United States General Accounting Office GAO Testimony Before the Subcommittee on Health, Committee on Veterans’ Affairs, House of Representatives Not to Be Released Before 10:00 a.m. Wednesday, May 19, 1999 VETERANS’ AFFAIRS Observations on Selected Features of the Proposed Veterans’ Millennium Health Care Act Statement for the Record by Stephen P. Backhus, Director Veterans’ Affairs and Military Health Care Issues Health, Education, and Human Services Division GAO/T-HEHS-99-125 Veterans’ Affairs: Observations on Selected Features of the Proposed Veterans’ Millennium Health Care Act Mr. Chairman and Members of the Subcommittee: We are pleased to contribute this statement for the record for the Subcommittee’s deliberations on the draft bill entitled the Veterans’ Millennium Health Care Act, which would modify policies and practices of the health care system operated by the Department of Veterans Affairs (VA). In October 1995, VA began to transform its health care delivery structure from operating hospitals to providing health care through integrated networks of VA and non-VA providers to serve veterans more efficiently and effectively. In 1996, the Veterans’ Health Care Eligibility Reform Act was passed, requiring VA to enroll veterans for health care coverage by congressionally mandated priority groups only to the extent that services could be provided within VA’s resources. In January 1997, in response to this and other factors, VA proposed a 5-year spending plan to reduce per-patient costs by 30 percent, increase the number of VA patients by 20 percent, and reduce reliance on appropriations by 10 percent. Through numerous reports and testimonies, we have discussed the progress of VA’s ongoing transformation, as well as concerns about critical challenges that VA faces (see the attached list of related GAO products). As you requested, our statement today draws on our previous work to focus on how the draft Veterans’ Millennium Health Care Act could affect VA’s ongoing transformation, including our previously reported concerns about its future progress. As agreed with your staff, we have limited our comments to certain provisions of the bill that address • the realignment of services at underused facilities, • access to long-term care services,1 and • cost sharing for medical care. In summary, the draft bill’s facility service realignment, long-term care, and cost-sharing provisions should help facilitate VA’s continuing transformation of its health care system and address concerns that we have previously reported to the Congress. These proposals, in combination with VA’s enrollment process, provide a rational framework for helping VA address the increasing health care needs of an aging population of higher-priority veterans while operating within available resources. However, even with this enabling legislation, achieving these multiple 1 We are using the term “long-term care” to refer to the services described in parts of the draft legislation under the term “extended care” because “long-term care” is more frequently used in current discussions of these services in VA, other federal agencies, and the private sector. Page 1 GAO/T-HEHS-99-125 Veterans’ Affairs: Observations on Selected Features of the Proposed Veterans’ Millennium Health Care Act goals will be a challenge to VA because of their complexity and far-reaching implications. More specifically, the combination of proposed changes should help VA provide care for veterans in more appropriate settings, as well as help VA achieve its stated goals of reducing per-patient costs, increasing the number of its patients, and reducing reliance on appropriations. Facility realignment and cost-sharing provisions are consistent with options we have suggested to help VA reduce budget pressures and generate the resources needed to serve more veterans and provide enhanced benefits. In addition, long-term care provisions appear designed to reduce variability in veterans’ access to such care systemwide, which addresses, in general, our concern about the potential adverse effect of VA’s transformation on the equity of veterans’ access to care. Over the last 6 decades, VA’s system has grown into our nation’s largest Background direct provider of health care, serving veterans at over 600 locations nationwide. During that time, VA’s system focused primarily on hospital care, using high technology and medical specialization. The system did not keep pace, however, with such industry and societal changes as the restructuring of health care to emphasize managed care and the evolving medical needs of an aging veteran population. VA’s transformation from a hospital-based operator to a health care provider emphasizing outpatient care began in fiscal year 1996, when 22 regional offices, known as Veterans Integrated Service Networks (VISN), were established to make basic budgetary, planning, and operating decisions for veterans living within defined geographical areas.2 VA’s goal is to develop local or regional networks of health care providers that offer a continuum of care grounded in ambulatory, rather than hospital, settings. VA is encouraging this transformation by allocating resources on the basis of user populations rather than hospitals. The Veterans’ Health Care Eligibility Reform Act, enacted in 1996, furnishes tools that VA believes are key to a successful transformation, including • new eligibility rules that allow VA to treat veterans in the most appropriate setting, 2 VA Health Care: Status of Efforts to Improve Efficiency and Access (GAO/HEHS-98-48, Feb. 6, 1998). Page 2 GAO/T-HEHS-99-125 Veterans’ Affairs: Observations on Selected Features of the Proposed Veterans’ Millennium Health Care Act • a uniform benefits package for all eligible veterans that allows VA to provide a continuum of services, • expanded authority to purchase services from private providers when doing so benefits veterans, and • an enhanced ability to generate revenue by selling excess services to nonveterans. At that same time, the Congressional Budget Office and we concluded that these reforms could generate additional demand for services because more veterans would use outpatient services.3 The Congressional Budget Office also estimated that rising utilization could produce dramatic cost increases, potentially in the billions of dollars. To address such concerns, the Eligibility Reform Act required VA to implement an enrollment system to manage access in relation to available resources. The act established seven priority categories, with the highest priority given to veterans with service-connected conditions and the lowest priority given to higher-income veterans without such conditions. Each year, VA is to enroll veterans in those priority categories for which it has sufficient resources to provide care that is timely and acceptable in quality. The act also requires VA to maintain treatment capacity for veterans with special disabilities, including spinal cord injury, blindness, amputation, and mental illness. At VA’s request, the Congress also authorized VA to retain all medical care cost recoveries, beginning July 1, 1997, to increase its nonappropriated revenues.4 Such recoveries include collections from veterans’ private health insurance as well as copayments to VA. VA is to deposit these collections in a Medical Care Collections Fund and use them to supplement appropriations to meet veterans’ health care needs. VA may spend these funds in the year collected or in any subsequent year. VA’s health care system currently touches the lives of 15 percent, or about 4 million, of our nation’s 25 million veterans. The rest rely on private insurance, other public programs, or their own resources to finance their health care needs. 3 VA Health Care: Issues Affecting Eligibility Reform Efforts (GAO/HEHS-96-160, Sept. 11, 1996). 4 In 1986, the Congress had authorized VA to recover third-party payments for medical care, but VA was required to turn over these collections to the Department of the Treasury. Page 3 GAO/T-HEHS-99-125 Veterans’ Affairs: Observations on Selected Features of the Proposed Veterans’ Millennium Health Care Act VA’s large, aged infrastructure could be the biggest obstacle confronting Realigning Facilities’ the agency’s ongoing transformation efforts. VA spends a major portion of Services Could its health care budget—about 1 out of every 4 health care dollars—to Benefit Veterans operate, maintain, and improve its facilities. At the Subcommittee’s March 10 hearing, we suggested that VA could reduce significantly the amount of funds used to operate and maintain unneeded or inefficient health care delivery locations and reinvest the savings to enhance care provided to veterans.5 By systematically analyzing health markets to identify unneeded delivery locations, VA could redirect the operation and maintenance budgets of these locations to establish and enhance community-based clinics and other service options for veterans. Without such realignment of delivery locations, resources might be increasingly shifted to operating and maintaining unneeded, aged assets at the expense of veterans’ health care needs. At the March 10 hearing, VA agreed to assess 106 markets in which it operates 181 major delivery locations. VA owns 4,700 buildings and 18,000 acres of land at these locations. VA’s assessments will include a determination of veterans’ health care needs, a survey of existing assets, and an evaluation of alternatives for meeting veterans’ needs in the most cost-effective manner. The draft Veterans’ Millennium Health Care Act contains three key features designed to benefit veterans through such facility services realignment. The act requires • VA to develop enhanced-service plans to address veterans’ health care needs, • VA’s stakeholders to participate in plan development, and • VA to use efficiency savings locally. Developing enhanced-service plans would provide an appropriate structure for VA to use when addressing its infrastructure challenge. The proposed legislation requires that VA develop enhanced-service plans to provide needed health care to veterans in markets where VA delivery locations are ineffective or inefficient in providing services and alternative health care providers are available. By requiring enhanced-service planning, this proposal would address concerns that we raised during a July 1997 hearing before this Subcommittee that VA was implementing 5 VA Health Care: Capital Asset Planning and Budgeting Need Improvement (GAO/T-HEHS-99-83, Mar. 10, 1999). Page 4 GAO/T-HEHS-99-125 Veterans’ Affairs: Observations on Selected Features of the Proposed Veterans’ Millennium Health Care Act changes at facilities without adequate planning.6 This proposal is also consistent with guidelines that VA issued in April 1998 to help VA regional offices improve their planning for service delivery changes. Requiring stakeholders’ involvement in plan development is also an essential element, as we noted during the July 1997 hearing. While facility service realignments could provide significant benefits for veterans, they could also have important consequences for a wide variety of stakeholders, such as VA employees and residents of local communities. For this reason, plans must be developed with comprehensive stakeholder involvement to maximize benefits and minimize adverse impacts. The draft bill proposes a process that VA has already used to develop a plan to integrate medical services in Central Alabama.7 Requiring VA to use efficiency savings that are generated by facility service realignments locally should provide incentives for developing effective enhanced-use plans. This approach is consistent, for example, with a suggestion we made concerning the potential savings that VA could realize if it realigned the services of four hospitals in Chicago. In essence, we suggested that savings could be used to enhance the services for veterans in the Chicago area through establishing additional community-based clinics or other services.8 VA faces major challenges in serving a rapidly aging veteran population. Enhancing Long-Term Veterans 65 and older constitute about 34 percent of the veteran Care Services Could population, or about 8.8 million veterans, and will make up 42 percent of Benefit the veteran population by 2010. This aging of the veteran population will result in a growing need for long-term care. Higher-Priority Veterans VA currently spends about $2 billion of its $18.4 billion health care budget to provide long-term care services. Of this, nearly $1.7 billion is used for care in 131 VA-operated nursing homes, contract nursing homes, and state veterans’ nursing homes. The remaining $353 million is used for noninstitutional care, including residential care and home- and 6 VA Health Care: Lessons Learned From Medical Facility Integrations (GAO/T-HEHS-97-184, July 24, 1997). 7 VA Health Care: VA’s Plan for the Integration of Medical Services in Central Alabama (GAO/HEHS-98-245R, Sept. 23, 1998). 8 VA Health Care: Closing a Chicago Hospital Would Save Millions and Enhance Access to Services (GAO/HEHS-98-64, Apr. 16, 1998). Page 5 GAO/T-HEHS-99-125 Veterans’ Affairs: Observations on Selected Features of the Proposed Veterans’ Millennium Health Care Act community-based long-term care services, such as adult day health care, respite care, homemaker assistance, home health care, and other services. About 4 million veterans are currently enrolled in VA’s health care system. While VA’s uniform health care benefits package includes inpatient hospital care, outpatient care, and other related services, the package does not include long-term care, such as nursing home, domiciliary, and adult day health care. However, enrolled veterans are eligible to receive such services to the extent that resources are available. VA currently provides long-term care services to about 63,000 veterans a day, on average. The Federal Advisory Committee on the Future of VA Long-Term Care recently reported that VA currently meets about 20 percent of the need for long-term care nationally among veterans with service-connected conditions and those with low incomes.9 As a result, most veterans use other systems for long-term care services, such as Medicaid and Medicare.10 The Federal Advisory Committee also found that access to VA long-term care among veterans with service-connected conditions and those with low incomes varied greatly among VA’s 22 regions. We have voiced similar concerns in prior work about the lack of equitable access to a range of VA care, including primary outpatient care and more expensive services, such as nursing home care.11 The draft Veterans’ Millennium Health Care Act contains three key features designed to enhance veterans’ access to long-term care: • requiring the development of a national program of long-term care services, • increasing the percentage of VA’s budget spent on noninstitutional long-term care services, and • mandating coverage for long-term care services for certain higher-priority veterans. 9 In Mar. 1997, VA convened this Committee of long-term care experts to evaluate VA long-term care and develop a strategy for meeting veterans’ future needs. The Committee recommended 24 measures to enhance VA’s long-term care in its report, VA Long-Term Care at the Crossroads (Washington, D.C.: Department of Veterans Affairs, June 1998). 10 For a discussion of other long-term programs, see Long-Term Care: Baby Boom Generation Presents Financing Challenges (GAO/T-HEHS-98-107, Mar. 9, 1998). 11 VA Community Clinics: Networks’ Efforts to Improve Veterans’ Access to Primary Care Vary (GAO/HEHS-98-116, June 15, 1998), VA Health Care: Resource Allocation Has Improved, but Better Oversight Is Needed (GAO/HEHS-97-178, Sept. 17, 1997), and VA Health Care: More Veterans Are Being Served, but Better Oversight Is Needed (GAO/HEHS-98-226, Aug. 28, 1998). Page 6 GAO/T-HEHS-99-125 Veterans’ Affairs: Observations on Selected Features of the Proposed Veterans’ Millennium Health Care Act Requiring VA to establish a program that provides a comparable continuum of long-term care services nationally is a reasonable way to ensure that veterans have equitable access to care. It is consistent with the Federal Advisory Committee’s recommendation that VA create financial incentives and performance measures to ensure adequate access to long-term care services, while preserving the flexibility of VA’s 22 regional offices to develop and structure long-term care services. This proposal should also help address our concerns about historical inequities in long-term care and other services, inadequate monitoring of incentives in VA’s resource allocation system that could lead to unintended outcomes, and the lack of VA oversight of the equity of the 22 regional offices’ allocations of resources to health care delivery locations. Requiring VA to spend a greater percentage of its budget on noninstitutional long-term care services is a reasonable strategy to address the growing need for long-term care as the veteran population continues to age, and it is consistent with the Federal Advisory Committee’s recommendation to increase investment in these services to better meet the long-term care needs of veterans. This approach is also consistent with other long-term care programs’ evolution to expand noninstitutional services to offer a continuum of less expensive services and more efficiently serve veterans when care outside the nursing home is clinically appropriate. An expansion of these services would enable VA to serve more veterans in the home and in the community, as most people prefer, rather than in institutions. Mandating long-term care services for certain higher-priority veterans is also consistent with eligibility reform legislation and addresses concerns we have previously raised about targeting VA health care benefits to those with the highest priority for services. The proposed legislation would mandate long-term care services for veterans with 50 percent or more service-connected disabilities and for others whose need for long-term care is a result of a service-connected disability, essentially authorizing VA to offer an enhanced benefit package for these veterans. VA’s statutory enrollment process provides a mechanism for enhancing benefit coverage for higher-priority veterans and managing the costs of these enhancements within the limits of VA resources. This process requires VA to determine the cost of meeting the needs of higher-priority veterans and to target remaining resources to provide a basic benefits package to as many lower-priority veterans as possible. Although the Page 7 GAO/T-HEHS-99-125 Veterans’ Affairs: Observations on Selected Features of the Proposed Veterans’ Millennium Health Care Act enrollment process provides the mechanism to adjust VA health care delivery according to congressional priorities, the process is only in its first year of operation. Enrolling veterans, projecting the costs of meeting their health care needs, and managing according to the services required and resources available is a complicated challenge that has far-reaching implications for veterans’ access to care and the quality of that care. In 1986, the Congress authorized VA to require higher-income veterans12 Enhancing Medical without service-connected conditions to help offset the costs of their Cost Sharing Could medical care through copayments for both inpatient care (acute and Benefit Veterans long-term) and outpatient care. In 1990, the Congress added a copayment requirement for outpatient medications used to treat non-service- connected medical conditions. VA estimates that it billed about $143 million in copayments in fiscal year 1998. The draft bill contains provisions that would address VA cost sharing in four areas: • prescription drugs, • outpatient services, • long-term care, and • certain high-cost supplies. The draft bill would, for example, authorize the Secretary of VA to increase the prescription drug copayment on the basis of regulations prescribed by the Secretary. Currently, VA is required by law to charge a copayment of $2 for each 30-day or less supply of medication for the treatment of a non-service-connected disability or condition. The proposal to permit VA to increase the copayment for prescription drugs appears to be reasonable, given VA’s rapidly escalating drug costs. Since the $2 copayment was legislatively mandated, VA’s total prescription drug costs have more than doubled. VA billed for about $64 million in copayments in fiscal year 1998. Increasing the copayment amount for prescriptions is consistent with options we have previously reported to the Congress for helping VA cope with budgetary pressures. In 1996, for example, we suggested that the Congress could offset VA spending for medications by increasing 12 Higher-income veterans are those whose incomes are above a statutory threshold—for example, a veteran with no dependents with an income of $22,351 or greater. Income thresholds are higher for veterans with dependents. Page 8 GAO/T-HEHS-99-125 Veterans’ Affairs: Observations on Selected Features of the Proposed Veterans’ Millennium Health Care Act copayment amounts.13 Moreover, the draft proposal would provide VA flexibility to adjust rates in a timely manner as conditions change. The draft bill also proposes to give the Secretary the authority to establish copayment amounts for outpatient services by regulation for veterans with non-service-connected conditions who are above the low-income threshold. VA billed for about $57 million in outpatient copayments in fiscal year 1998. Currently, the law requires that VA charge a copayment to these veterans of 20 percent of the estimated VA-wide average cost of an outpatient visit. This copayment is currently about $46. Giving the Secretary authority to change outpatient copayments appears reasonable, given the transformation of VA outpatient services in recent years. VA now provides many more expensive services in the outpatient setting, like other health care providers, than it did when the current law was enacted. Procedures at VA such as colonoscopy, arthroscopy, and cystoscopy are now frequently performed in an outpatient setting. As a result, the VA outpatient copayment amount has grown and is disproportionately high for low-cost outpatient care, such as immunizations. Authorizing VA to set a schedule of outpatient copayments could help remove financial deterrents that might discourage the use of preventive care. It could also enable VA to establish a copayment schedule more similar to that used by other health care programs.14 The draft bill also proposes that VA increase cost sharing by charging certain veterans a copayment for long-term care services of more than 21 days in any year. Veterans with 50 percent or more service-connected disability and those who are receiving long-term care services for a service-connected disability would be excluded from making copayments under this proposal. VA would be required to develop a methodology for determining copayment amounts on the basis of the income and assets of the veteran and spouse, protecting the spouse from financial hardship, and allowing the veteran to maintain a monthly allowance. Currently, VA bills nursing home care at a rate equal to the Medicare inpatient deductible for the first 90 days of care during any 365-day period. In addition, VA bills $5 a day for nursing home care. In total, VA currently bills for about $4 million from these sources. 13 VA Health Care: Opportunities to Significantly Reduce Outpatient Pharmacy Costs (GAO/HEHS-97-15, Oct. 11, 1996). 14 In general, veterans are subject to less cost sharing than is required under most public and private health benefit programs. See VA Health Care: Comparison of VA Benefits With Other Public and Private Programs (GAO/HRD-93-94, July 29, 1993). Page 9 GAO/T-HEHS-99-125 Veterans’ Affairs: Observations on Selected Features of the Proposed Veterans’ Millennium Health Care Act The proposal to revise the structure of long-term care copayments appears reasonable because it would give VA flexibility to determine the most appropriate copayment amount for these services by taking into account a veteran’s financial resources while protecting the financial independence of a veteran’s spouse living in the community. Because these funds would be directed to an earmarked fund for long-term care services, these copayments might also provide additional long-term care services to veterans. In 1992, we suggested a copayment approach using similar principles to offset long-term costs.15 These principles are already used in VA state homes and in state Medicaid programs. The draft bill also proposes to establish copayments for certain high-cost items, such as hearing aids, eyeglasses, certain electronic equipment, and other items for non-service-connected conditions. Wheelchairs and artificial limbs would be excluded from these copayments. Currently, VA is not required to collect copayments for these items. Requiring some veterans to pay a copayment for hearing aids, eyeglasses, certain electronic equipment, and other costly items seems reasonable. Total VA expenditures for these prosthetic items are expected to increase from $420 million in fiscal year 1998 to about $524 million in fiscal year 2000. During the course of our ongoing review of VA’s enrollment process, several VA network directors commented that they are experiencing increased demand from veterans whose primary care is provided elsewhere but who obtain from VA services not covered by their private insurance or Medicare, such as eyeglasses and hearing aids. Giving VA the authority to establish copayment amounts would provide flexibility to generate additional revenues to enhance veterans’ health care while still affording veterans a substantial health care benefit, because the costs for such items, according to VA officials, are not routinely covered by other health care programs. In conclusion, the Veterans’ Millennium Health Care Act provides a Concluding rational framework for addressing such important needs as Observations • enhancing services at underused facilities, • enhancing long-term care services for an aging veteran population, and • providing VA flexibility to generate additional revenues to offset budget pressures and serve more veterans. 15 VA Health Care: Offsetting Long-Term Care Costs by Adopting State Copayment Practices (GAO/HRD-92-96, Aug. 12, 1992). Page 10 GAO/T-HEHS-99-125 Veterans’ Affairs: Observations on Selected Features of the Proposed Veterans’ Millennium Health Care Act Most importantly, the draft bill strives to achieve these objectives in a manner that is consistent with the overall goal of VA’s enrollment process, which is to manage veterans’ access to health care in relation to available resources. Page 11 GAO/T-HEHS-99-125 Related GAO Products Veterans’ Affairs: Progress and Challenges in Transforming Health Care (GAO/T-HEHS-99-109, Apr. 15, 1999). Major Management Challenges and Program Risks: Departments of Defense, State, and Veterans Affairs (GAO/T-NSIAD/HEHS-99-84, Feb. 25, 1999). Major Management Challenges and Program Risks: Department of Veterans Affairs (GAO/OCG-99-15, Jan. 1999). Veterans’ Health Care: Challenges Facing VA’s Evolving Role in Serving Veterans (GAO/T-HEHS-98-194, June 17, 1998). VA Health Care: Assessment of VA’s Fiscal Year 1998 Budget Proposal (GAO/T-HEHS-97-121, May 1, 1997). Department of Veterans Affairs: Programmatic and Management Challenges Facing the Department (GAO/T-HEHS-97-97, Mar. 18, 1997). Veterans’ Health Care: Challenges for the Future (GAO/T-HEHS-96-172, June 27, 1996). VAHealth Care: Challenges and Options for the Future (GAO/T-HEHS-95-147, May 9, 1995). VAHealth Care: Retargeting Needed to Better Meet Veterans’ Changing Needs (GAO/HEHS-95-39, Apr. 21, 1995). (406170) Page 12 GAO/T-HEHS-99-125 Ordering Information The first copy of each GAO report and testimony is free. Additional copies are $2 each. Orders should be sent to the following address, accompanied by a check or money order made out to the Superintendent of Documents, when necessary. VISA and MasterCard credit cards are accepted, also. Orders for 100 or more copies to be mailed to a single address are discounted 25 percent. Orders by mail: U.S. General Accounting Office P.O. Box 37050 Washington, DC 20013 or visit: Room 1100 700 4th St. NW (corner of 4th and G Sts. 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Veterans' Affairs: Observations on Selected Features of the Proposed Veterans' Millennium Health Care Act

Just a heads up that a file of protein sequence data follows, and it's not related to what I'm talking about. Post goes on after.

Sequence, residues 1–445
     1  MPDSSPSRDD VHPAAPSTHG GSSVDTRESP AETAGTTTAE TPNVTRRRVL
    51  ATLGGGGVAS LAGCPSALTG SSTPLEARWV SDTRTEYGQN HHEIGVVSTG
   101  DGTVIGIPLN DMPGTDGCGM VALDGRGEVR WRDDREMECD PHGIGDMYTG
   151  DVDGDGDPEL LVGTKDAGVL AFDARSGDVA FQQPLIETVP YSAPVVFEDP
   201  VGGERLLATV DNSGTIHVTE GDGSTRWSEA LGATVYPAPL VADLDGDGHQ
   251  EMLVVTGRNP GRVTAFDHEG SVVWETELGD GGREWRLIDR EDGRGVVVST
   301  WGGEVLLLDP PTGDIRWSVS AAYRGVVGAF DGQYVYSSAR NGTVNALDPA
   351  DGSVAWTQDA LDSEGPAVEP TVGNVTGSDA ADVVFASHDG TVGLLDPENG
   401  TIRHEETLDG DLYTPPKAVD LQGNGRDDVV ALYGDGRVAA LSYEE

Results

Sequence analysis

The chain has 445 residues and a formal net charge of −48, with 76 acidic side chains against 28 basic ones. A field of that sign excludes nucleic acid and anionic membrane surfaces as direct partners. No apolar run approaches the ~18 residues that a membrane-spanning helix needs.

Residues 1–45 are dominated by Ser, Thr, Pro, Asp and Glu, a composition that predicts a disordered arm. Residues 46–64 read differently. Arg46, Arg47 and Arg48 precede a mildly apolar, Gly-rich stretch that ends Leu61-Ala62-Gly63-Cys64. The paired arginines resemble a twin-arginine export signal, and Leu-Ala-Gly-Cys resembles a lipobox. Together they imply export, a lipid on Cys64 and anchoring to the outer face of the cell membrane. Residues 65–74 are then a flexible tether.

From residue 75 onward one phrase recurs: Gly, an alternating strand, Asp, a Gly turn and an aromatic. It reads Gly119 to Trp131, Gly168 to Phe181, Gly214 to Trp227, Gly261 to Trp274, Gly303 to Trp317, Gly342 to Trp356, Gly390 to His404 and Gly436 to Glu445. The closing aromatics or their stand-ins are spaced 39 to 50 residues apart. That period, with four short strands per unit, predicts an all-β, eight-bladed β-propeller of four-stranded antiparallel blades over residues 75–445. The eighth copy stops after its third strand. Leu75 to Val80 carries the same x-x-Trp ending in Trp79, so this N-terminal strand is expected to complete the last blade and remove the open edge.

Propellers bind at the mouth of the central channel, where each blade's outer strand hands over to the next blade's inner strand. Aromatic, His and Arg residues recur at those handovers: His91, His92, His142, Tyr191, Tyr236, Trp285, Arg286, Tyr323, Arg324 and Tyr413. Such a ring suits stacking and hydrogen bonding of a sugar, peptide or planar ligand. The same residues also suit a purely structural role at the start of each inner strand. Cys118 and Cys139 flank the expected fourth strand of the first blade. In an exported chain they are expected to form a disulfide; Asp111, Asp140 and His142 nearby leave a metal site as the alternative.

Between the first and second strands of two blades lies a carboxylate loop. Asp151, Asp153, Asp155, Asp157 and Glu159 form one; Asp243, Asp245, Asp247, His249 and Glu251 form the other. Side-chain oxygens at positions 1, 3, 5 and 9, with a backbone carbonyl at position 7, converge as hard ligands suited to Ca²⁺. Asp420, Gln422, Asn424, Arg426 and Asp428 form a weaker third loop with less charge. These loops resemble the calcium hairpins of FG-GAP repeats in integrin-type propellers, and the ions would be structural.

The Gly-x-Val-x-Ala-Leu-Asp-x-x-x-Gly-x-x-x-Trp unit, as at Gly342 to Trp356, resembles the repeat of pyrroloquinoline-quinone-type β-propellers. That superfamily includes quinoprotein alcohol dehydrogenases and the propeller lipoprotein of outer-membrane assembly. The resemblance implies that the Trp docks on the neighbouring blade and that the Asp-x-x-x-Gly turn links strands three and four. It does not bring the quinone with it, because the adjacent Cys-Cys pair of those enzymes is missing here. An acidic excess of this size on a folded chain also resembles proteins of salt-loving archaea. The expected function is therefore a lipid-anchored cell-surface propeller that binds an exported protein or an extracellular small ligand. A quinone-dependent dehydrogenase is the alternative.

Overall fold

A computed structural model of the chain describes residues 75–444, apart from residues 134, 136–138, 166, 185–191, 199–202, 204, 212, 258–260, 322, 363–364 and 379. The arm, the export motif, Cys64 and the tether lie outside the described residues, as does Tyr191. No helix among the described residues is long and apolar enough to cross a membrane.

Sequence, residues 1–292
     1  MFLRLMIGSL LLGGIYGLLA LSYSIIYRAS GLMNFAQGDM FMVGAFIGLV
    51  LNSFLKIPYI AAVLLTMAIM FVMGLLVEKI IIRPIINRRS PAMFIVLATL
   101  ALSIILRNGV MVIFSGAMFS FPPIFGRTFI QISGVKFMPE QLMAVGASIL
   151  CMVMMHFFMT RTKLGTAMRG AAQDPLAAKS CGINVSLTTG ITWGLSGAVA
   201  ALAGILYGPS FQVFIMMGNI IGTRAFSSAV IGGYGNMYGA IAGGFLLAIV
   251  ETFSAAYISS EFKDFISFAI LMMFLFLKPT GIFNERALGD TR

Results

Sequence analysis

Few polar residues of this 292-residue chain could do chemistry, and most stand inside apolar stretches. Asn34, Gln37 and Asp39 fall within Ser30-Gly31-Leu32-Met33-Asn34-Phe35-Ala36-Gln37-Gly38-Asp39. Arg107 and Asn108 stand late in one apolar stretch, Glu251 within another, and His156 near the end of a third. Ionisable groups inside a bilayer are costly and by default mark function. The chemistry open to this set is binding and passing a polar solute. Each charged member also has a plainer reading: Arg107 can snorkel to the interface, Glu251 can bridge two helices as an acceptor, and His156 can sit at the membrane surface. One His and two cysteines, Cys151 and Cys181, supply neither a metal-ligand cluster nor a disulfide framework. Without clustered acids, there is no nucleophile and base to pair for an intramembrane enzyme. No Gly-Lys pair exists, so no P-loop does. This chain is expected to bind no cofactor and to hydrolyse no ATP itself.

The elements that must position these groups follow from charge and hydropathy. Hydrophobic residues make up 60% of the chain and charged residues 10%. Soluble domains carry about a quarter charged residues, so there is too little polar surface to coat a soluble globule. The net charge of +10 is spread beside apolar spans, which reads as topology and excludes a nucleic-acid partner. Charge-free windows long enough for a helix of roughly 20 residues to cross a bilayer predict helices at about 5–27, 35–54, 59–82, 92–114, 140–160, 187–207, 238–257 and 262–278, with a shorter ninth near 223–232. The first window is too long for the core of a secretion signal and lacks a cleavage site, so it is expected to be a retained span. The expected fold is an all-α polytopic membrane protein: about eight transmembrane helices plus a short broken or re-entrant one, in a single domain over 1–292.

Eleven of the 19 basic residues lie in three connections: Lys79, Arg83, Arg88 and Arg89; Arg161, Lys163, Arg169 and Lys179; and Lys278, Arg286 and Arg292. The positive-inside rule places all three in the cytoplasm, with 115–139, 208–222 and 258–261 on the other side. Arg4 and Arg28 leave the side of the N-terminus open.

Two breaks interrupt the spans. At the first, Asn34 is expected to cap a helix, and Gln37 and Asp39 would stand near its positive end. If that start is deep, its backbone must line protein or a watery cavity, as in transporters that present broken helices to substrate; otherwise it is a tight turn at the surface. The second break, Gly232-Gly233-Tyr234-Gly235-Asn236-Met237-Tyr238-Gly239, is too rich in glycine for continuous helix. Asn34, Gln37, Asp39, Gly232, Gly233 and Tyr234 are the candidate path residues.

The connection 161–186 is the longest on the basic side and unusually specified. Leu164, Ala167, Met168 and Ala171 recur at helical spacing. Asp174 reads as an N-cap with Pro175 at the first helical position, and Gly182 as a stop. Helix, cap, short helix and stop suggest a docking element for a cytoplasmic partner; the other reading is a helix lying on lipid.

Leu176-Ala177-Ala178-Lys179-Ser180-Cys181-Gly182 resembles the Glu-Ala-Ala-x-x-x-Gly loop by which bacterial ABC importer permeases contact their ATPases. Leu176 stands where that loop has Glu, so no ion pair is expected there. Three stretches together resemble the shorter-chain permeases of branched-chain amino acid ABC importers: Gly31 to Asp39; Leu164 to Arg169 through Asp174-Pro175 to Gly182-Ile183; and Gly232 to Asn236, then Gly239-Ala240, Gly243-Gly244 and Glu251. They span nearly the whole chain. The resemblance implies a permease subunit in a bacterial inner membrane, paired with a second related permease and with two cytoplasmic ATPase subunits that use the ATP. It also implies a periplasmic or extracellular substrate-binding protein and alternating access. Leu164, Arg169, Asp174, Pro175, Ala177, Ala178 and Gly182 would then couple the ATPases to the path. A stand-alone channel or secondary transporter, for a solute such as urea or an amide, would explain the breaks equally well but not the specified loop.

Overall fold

Published by the Government Accountability Office on 1999-05-19.
Below is a raw (and likely hideous) rendition of the original report. (PDF)